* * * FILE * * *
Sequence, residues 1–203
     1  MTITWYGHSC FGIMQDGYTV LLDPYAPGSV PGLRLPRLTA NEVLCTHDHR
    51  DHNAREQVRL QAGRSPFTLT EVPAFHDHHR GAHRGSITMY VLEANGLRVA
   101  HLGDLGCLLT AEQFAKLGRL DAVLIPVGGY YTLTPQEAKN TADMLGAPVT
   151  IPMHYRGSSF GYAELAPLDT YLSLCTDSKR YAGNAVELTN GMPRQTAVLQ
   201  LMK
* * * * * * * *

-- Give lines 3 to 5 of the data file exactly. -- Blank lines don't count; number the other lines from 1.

    51  DHNAREQVRL QAGRSPFTLT EVPAFHDHHR GAHRGSITMY VLEANGLRVA
   101  HLGDLGCLLT AEQFAKLGRL DAVLIPVGGY YTLTPQEAKN TADMLGAPVT
   151  IPMHYRGSSF GYAELAPLDT YLSLCTDSKR YAGNAVELTN GMPRQTAVLQ